A CHURCH which is not one in its doctrine and faith can never be the True Church.  Hence, because truth must be one, of all the different churches, only one can be the true one, and outside of that Church there is no salvation.  

Now, in order to determine which is this one true Church, it is necessary to examine which is the Church first founded by Jesus Christ, for when this is ascertained, it must be confessed that this one alone is the true Church which, having once been the true Church must always have been the true Church and must forever be the true Church.  For to this first Church has been made the promise of the Savior that the gates of Hell would never be able to overturn it [Matt 16:18]. 

In the entire history of religion, we find that the Roman Catholic Church alone was the first Church, and that the other false and heretical churches afterwards departed and separated from her.  This is the Church which was propagated by the Apostles and afterwards governed by pastors whom the Apostles themselves appointed to rule over her.  This character can be found only in the Roman Church, whose pastors descend securely by an uninterrupted and legitimate succession from the Apostles of the world [Matt 28:20]. 

The innovators themselves do not deny that the Roman Church was the first which Jesus Christ founded.  However, they say that it was the true Church until the fifth century, or until it fell away, because it had been corrupted by the Catholics.  But how could that Church fall which St. Paul calls the "pillar and ground of truth" [1 Timothy 3:15]?  No, the Church has not failed.  The truth is, that all the false churches, which have separated from the Roman Church, have fallen away and erred.  

To convince all heretical sects of their error, there is no way more certain and safe than to show that our Catholic Church has been the first one founded by Jesus Christ.  For, this being established, it is proved beyond all doubt that ours is the only true Church and that all the others which have left it and separated are certainly in error.  But, pressed by this argument, the innovators have invented an answer.  They say that the visible Church has failed, but not the invisible Church.  But these doctrines are diametrically opposed to the Gospel.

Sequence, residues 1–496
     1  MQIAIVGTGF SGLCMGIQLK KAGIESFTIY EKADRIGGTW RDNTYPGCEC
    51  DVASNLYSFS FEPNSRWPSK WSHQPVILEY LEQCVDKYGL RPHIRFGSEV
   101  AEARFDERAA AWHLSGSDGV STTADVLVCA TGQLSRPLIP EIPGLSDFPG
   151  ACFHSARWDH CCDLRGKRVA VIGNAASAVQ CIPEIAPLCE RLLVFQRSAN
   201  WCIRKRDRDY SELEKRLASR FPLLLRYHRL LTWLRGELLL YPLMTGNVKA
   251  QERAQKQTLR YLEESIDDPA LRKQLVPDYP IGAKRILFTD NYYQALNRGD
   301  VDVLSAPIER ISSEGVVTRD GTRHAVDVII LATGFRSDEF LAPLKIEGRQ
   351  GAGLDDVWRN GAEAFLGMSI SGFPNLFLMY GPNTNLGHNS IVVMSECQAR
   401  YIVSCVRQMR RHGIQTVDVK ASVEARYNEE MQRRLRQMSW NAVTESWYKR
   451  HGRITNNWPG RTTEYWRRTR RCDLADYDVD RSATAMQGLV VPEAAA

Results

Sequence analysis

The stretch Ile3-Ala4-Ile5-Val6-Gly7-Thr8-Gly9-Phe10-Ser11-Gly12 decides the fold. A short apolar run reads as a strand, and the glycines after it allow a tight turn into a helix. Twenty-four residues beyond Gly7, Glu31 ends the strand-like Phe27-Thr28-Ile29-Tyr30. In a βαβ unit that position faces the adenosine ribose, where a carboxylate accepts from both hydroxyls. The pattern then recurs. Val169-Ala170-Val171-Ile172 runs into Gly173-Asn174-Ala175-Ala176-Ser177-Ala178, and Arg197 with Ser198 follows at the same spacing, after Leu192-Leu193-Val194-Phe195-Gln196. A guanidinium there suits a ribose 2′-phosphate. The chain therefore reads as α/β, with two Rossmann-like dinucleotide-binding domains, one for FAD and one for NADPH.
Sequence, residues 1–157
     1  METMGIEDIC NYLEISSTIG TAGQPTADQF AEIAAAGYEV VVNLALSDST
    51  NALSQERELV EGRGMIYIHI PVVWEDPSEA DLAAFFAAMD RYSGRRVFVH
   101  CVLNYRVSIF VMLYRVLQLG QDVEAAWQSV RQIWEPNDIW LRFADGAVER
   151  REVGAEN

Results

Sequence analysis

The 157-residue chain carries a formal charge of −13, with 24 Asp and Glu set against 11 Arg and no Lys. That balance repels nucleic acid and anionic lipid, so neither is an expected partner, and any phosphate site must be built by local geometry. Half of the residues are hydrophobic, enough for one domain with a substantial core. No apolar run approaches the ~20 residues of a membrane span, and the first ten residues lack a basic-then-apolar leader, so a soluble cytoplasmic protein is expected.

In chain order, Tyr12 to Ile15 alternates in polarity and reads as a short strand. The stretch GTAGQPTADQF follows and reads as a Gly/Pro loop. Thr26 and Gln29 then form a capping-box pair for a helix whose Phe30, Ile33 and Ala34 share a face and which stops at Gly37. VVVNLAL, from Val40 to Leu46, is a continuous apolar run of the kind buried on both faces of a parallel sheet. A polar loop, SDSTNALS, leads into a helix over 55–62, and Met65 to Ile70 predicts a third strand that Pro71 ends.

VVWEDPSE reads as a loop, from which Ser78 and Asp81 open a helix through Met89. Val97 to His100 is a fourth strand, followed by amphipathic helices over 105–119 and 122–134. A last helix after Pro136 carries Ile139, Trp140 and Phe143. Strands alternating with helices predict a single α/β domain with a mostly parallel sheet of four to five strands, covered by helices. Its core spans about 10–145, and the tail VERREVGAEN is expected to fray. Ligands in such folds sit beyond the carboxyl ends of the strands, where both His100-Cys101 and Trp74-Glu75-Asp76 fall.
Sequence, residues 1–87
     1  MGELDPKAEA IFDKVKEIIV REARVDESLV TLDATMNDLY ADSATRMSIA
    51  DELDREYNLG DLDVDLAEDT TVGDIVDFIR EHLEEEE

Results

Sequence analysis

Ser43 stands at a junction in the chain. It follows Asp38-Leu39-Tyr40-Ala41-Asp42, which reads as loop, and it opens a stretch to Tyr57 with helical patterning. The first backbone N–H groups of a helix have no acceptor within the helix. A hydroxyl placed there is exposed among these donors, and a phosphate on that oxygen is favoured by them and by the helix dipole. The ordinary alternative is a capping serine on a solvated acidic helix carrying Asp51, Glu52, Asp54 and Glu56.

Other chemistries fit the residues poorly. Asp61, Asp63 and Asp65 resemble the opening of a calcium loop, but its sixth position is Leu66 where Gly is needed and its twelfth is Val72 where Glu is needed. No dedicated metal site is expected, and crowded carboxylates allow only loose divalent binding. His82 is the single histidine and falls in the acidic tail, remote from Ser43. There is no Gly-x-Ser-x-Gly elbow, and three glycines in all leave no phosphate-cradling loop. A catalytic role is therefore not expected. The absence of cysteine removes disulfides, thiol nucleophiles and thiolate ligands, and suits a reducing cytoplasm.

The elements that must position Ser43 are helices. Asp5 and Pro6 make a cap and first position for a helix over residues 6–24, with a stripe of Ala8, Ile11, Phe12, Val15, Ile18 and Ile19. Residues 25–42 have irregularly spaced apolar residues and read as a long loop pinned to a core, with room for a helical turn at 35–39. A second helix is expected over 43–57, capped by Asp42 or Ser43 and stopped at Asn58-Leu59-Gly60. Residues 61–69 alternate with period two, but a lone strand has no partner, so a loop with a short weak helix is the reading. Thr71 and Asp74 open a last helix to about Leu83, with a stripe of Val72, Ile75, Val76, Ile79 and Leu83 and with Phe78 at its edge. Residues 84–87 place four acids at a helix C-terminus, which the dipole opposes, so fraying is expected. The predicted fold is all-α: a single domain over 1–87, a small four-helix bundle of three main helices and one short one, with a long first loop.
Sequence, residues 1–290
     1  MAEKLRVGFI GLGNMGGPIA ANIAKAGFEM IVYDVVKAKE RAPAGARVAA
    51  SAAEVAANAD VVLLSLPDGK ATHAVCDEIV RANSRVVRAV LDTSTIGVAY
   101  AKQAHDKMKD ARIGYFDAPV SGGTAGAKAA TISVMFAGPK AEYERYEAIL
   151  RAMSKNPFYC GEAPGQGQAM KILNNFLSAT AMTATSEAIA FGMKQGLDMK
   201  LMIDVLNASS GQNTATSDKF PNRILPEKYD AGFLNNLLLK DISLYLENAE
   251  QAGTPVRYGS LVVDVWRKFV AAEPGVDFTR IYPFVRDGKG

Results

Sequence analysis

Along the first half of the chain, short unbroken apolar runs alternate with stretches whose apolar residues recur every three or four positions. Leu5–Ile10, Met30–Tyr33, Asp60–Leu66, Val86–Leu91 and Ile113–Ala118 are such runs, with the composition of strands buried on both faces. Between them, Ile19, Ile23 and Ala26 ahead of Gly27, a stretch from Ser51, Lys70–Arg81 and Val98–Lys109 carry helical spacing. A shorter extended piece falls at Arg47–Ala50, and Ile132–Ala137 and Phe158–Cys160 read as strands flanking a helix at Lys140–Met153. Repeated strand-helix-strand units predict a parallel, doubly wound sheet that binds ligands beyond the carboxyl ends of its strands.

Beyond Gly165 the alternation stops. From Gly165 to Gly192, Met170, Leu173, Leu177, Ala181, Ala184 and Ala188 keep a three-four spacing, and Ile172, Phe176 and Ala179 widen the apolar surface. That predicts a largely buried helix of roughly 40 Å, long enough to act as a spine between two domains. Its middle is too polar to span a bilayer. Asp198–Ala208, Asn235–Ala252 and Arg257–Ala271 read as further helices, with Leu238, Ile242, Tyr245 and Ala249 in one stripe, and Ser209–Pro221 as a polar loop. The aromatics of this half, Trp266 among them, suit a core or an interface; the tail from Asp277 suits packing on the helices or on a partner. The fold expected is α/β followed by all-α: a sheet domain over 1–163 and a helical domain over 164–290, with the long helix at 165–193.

The innovators have been challenged several times to produce a text of Sacred Scripture which would prove the existence of the invisible church they invented, and we are unable to obtain any such text from them.  How could they adduce such a text when, addressing His Apostles whom He left as the propagators of His Church, Jesus said: "You cannot be hidden" [Matt 5:14].  

Thus He has declared that the Church cannot help but be visible to everyone.  The Church has been at all times, and will forever be, necessarily visible, so that each person may always be able to learn from his pastor the true doctrine regarding the dogmas of faith, to receive the Sacraments, to be directed in the way of salvation, and to be enlightened and corrected should he ever fall into error.  

For, were the Church in any time hidden and invisible, to whom would men have recourse in order to learn what they are to believe and to do?  It was necessary that the Church and her pastors be obvious and visible, principally in order that there might be an infallible judge, to resolve all doubts, and to whose decision everyone should necessarily submit.  Otherwise, there would be no sure rule of faith by which Christians could know the true dogmas of faith and the true precepts of morality, and among the faithful there would be endless disputes and controversies.  "And Christ gave some apostles, and others pastors and doctors, that henceforth we be no more children tossed to-and-fro and carried about with every wind of doctrine" [Eph 4:11-14].  

But what faith can we learn from these false teachers when, in consequence of separating from the Church, they have no rule of faith.  How often Calvin changed his opinions!  And, during his life, Luther was constantly contradicting himself: on the single article of the Eucharist, he fell into thirty-three contradictions!  A single contradiction is enough to show that they did not have the Spirit of God. 
"He cannot deny Himself" [2 Timothy 2:13].  In a word, take away the authority of the Church, and neither Divine Revelation nor natural reason itself is of any use, for each of them may be interpreted by every individual according to his own caprice.  Do they not see that from this accursed liberty of conscience has arisen the immense variety of heretical and atheistic sects?  I repeat: if you take away obedience to the Church, there is no error which will not be embraced.  


St Alphonsus Mary De Liguori (1696-1787) Bishop and Doctor of the Church